Siem Reap and Phnom Penh
24.11.2011 - 01.12.2011 33 °C
We'd read that the border between Thailand and Cambodia was troublesome. Many touts want to lure you away and scam you. With this in mind we used the government bus to get to the border and already had our e-visas. It was really easy in the end. Just walked across into Cambodia and onto the free shuttle bus to the main bus station. We did have to pay a little extra for a seat in a taxi ($12) but we had a much better time of it than a bus load of travellers we met en route who had to wait two hours at the Thai border without their passports while their tout got visas done for them at a somewhat inflated cost.
In Siem Reap we managed to find a room for $4 at Garden Village. They also hired bikes out for $1 and beer was 50¢. It's a hard life; this travelling lark.
We set out the next morning for Angkor Wat, the ruins of a civilization of about 1000 years ago. The main city, Angkor Thom, had a population of about 1,000,000 when London had about 50,000. The ruins are awesome and the cycling was fun. It's 10km from Siem Reap to the ruins but dead flat. The ruins make up for the flatness by having hundreds of steps, some of them very interesting after a thousand years of wear and tear. We went back a second day for the dawn, which was worth getting up at 4.30 to see and to visit some of the slightly more remote and less touristy temples (although we did make an exception for the temple where Tomb Raider and Two Brothers were filmed, Ta Prom). We also had fun bargaining with the local women for water, drinks, and breakfast (who knew menu prices were so negotiable). The food in Siem Reap was some of the best we've tasted. We also saw some Apsara dancing, where women demonstrate how double jointed they are and how good their core strength is. Apsaras are goddesses created as a side effect of the creation of the world, which was done by armies of gods and demons churning an ocean of milk (obviously).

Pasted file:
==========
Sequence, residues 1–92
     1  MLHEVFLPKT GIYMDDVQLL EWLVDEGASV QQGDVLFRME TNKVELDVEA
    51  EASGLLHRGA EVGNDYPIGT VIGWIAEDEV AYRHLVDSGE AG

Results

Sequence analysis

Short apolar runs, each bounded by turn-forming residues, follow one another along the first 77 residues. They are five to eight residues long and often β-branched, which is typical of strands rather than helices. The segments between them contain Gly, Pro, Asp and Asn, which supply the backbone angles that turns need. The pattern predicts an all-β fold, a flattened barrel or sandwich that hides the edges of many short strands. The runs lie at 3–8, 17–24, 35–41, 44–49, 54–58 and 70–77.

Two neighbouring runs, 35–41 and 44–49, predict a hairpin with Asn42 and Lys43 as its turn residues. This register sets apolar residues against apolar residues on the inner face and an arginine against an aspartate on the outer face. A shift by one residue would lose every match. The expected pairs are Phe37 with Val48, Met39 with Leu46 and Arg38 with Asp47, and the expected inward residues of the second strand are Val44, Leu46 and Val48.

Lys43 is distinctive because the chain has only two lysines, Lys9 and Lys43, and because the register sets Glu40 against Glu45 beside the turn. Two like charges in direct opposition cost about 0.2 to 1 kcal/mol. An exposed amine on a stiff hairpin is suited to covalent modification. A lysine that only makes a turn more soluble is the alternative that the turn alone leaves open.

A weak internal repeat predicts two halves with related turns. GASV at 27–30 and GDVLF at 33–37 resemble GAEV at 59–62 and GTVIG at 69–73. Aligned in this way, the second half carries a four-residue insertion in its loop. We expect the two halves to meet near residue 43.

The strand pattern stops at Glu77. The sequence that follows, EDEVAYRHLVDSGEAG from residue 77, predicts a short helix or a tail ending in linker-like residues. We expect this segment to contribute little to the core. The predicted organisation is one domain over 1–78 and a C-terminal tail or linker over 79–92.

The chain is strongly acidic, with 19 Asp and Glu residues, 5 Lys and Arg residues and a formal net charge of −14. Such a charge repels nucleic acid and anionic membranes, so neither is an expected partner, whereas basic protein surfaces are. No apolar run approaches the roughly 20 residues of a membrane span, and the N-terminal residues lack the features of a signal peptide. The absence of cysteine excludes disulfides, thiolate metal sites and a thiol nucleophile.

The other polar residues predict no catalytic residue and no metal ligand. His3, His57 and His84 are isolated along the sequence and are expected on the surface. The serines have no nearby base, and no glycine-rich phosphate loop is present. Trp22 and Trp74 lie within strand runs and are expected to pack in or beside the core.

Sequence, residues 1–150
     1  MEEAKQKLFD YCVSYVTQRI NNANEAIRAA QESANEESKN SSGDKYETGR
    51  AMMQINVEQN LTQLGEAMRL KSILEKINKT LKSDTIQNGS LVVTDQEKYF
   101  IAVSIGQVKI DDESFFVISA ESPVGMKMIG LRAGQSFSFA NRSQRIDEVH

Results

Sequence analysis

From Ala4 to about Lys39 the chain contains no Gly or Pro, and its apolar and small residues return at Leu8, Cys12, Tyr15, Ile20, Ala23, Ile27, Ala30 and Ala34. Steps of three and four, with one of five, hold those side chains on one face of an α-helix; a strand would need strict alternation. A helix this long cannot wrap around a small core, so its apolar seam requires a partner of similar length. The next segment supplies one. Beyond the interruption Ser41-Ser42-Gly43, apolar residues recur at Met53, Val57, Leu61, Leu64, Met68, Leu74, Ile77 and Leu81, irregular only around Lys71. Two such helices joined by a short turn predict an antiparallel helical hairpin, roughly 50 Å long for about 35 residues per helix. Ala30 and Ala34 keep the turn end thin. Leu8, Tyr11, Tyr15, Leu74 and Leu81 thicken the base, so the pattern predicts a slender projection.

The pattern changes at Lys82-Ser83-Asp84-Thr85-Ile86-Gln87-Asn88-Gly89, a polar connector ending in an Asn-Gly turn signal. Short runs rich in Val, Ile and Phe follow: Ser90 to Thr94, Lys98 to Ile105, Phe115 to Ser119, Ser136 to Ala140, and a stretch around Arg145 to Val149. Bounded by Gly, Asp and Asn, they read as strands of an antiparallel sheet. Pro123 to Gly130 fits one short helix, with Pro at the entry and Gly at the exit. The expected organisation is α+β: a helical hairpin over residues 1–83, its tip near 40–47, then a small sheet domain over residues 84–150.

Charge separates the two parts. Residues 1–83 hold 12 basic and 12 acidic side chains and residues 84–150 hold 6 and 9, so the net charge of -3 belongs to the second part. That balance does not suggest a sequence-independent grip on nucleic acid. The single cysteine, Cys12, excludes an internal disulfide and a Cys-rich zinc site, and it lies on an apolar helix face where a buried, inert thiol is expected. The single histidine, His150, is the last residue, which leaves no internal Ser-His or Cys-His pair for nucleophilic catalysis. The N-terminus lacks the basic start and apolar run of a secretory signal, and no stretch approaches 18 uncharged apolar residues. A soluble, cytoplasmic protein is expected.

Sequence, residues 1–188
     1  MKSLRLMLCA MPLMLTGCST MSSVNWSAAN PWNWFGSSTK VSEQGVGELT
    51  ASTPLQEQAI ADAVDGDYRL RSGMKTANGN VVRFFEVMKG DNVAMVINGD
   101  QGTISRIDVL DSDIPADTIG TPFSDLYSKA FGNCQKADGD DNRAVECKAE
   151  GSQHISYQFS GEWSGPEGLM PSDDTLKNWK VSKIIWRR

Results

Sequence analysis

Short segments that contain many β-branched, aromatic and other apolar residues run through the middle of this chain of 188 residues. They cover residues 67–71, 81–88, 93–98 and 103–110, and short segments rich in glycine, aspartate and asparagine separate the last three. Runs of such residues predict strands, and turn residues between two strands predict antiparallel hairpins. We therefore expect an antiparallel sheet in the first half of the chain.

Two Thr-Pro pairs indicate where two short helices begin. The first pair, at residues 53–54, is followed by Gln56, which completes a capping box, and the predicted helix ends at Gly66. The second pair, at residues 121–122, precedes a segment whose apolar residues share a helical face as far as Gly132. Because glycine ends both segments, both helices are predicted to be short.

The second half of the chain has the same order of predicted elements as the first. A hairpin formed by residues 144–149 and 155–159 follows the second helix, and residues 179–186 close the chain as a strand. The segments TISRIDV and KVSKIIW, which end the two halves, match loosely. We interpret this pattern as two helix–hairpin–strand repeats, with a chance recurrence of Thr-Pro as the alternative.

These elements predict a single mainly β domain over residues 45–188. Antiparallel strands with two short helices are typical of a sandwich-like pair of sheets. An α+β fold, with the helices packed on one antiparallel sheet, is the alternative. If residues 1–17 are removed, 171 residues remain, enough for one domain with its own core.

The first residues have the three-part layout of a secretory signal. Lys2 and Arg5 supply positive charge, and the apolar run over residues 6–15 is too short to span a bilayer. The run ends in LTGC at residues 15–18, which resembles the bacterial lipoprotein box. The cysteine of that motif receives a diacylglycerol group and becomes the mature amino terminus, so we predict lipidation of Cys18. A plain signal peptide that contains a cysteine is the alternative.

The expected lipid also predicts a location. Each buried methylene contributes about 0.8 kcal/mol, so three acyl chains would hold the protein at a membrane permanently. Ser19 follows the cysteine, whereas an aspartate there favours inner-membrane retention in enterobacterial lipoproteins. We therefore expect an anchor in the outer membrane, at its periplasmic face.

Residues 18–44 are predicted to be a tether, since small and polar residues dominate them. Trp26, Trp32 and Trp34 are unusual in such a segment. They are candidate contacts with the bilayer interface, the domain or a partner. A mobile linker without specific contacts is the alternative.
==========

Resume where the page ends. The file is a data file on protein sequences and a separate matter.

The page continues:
We decided not to pay the extortionate tourist fare for the boat trip across the Tonlé Sap to Phnom Penh ($35!) so we took the bus. Phnom Penh's numeric road numbering system was a big help in navigating the city, which was small enough to go everywhere on foot (no matter how insistent the rickshaw drivers are), although Claire still managed to get lost. Claire maintains not lost but directionally challenged. On our first day, we visited the Royal Palace compound. It contains the Silver Pagoda, so called for its solid silver floor tiles. Very shiny. Mostly covered by carpet, but we found some uncovered bits to walk on.
The next day, we organized a trip to Choeung Ek, one of the Khmer Rouge killing fields. It had a very informative audio guide and a very beautiful stupa has been built in memory of the victims, containing hundreds of skulls that had been found in the surrounding mass graves. All in all, not a very pleasant experience but important to include. We followed it up with a visit to the Toul Sleng Prison, where many of the victims of the Khmer Rouge were tortured before being transported to the killing fields. Hard to believe that this happened so recently - the Khmer Rouge fell in 1979.
Phnom Penh itself is a great city, though. We particularly liked walking along the riverfront in the evening, where many locals gather to socialize or take part in a street dance class.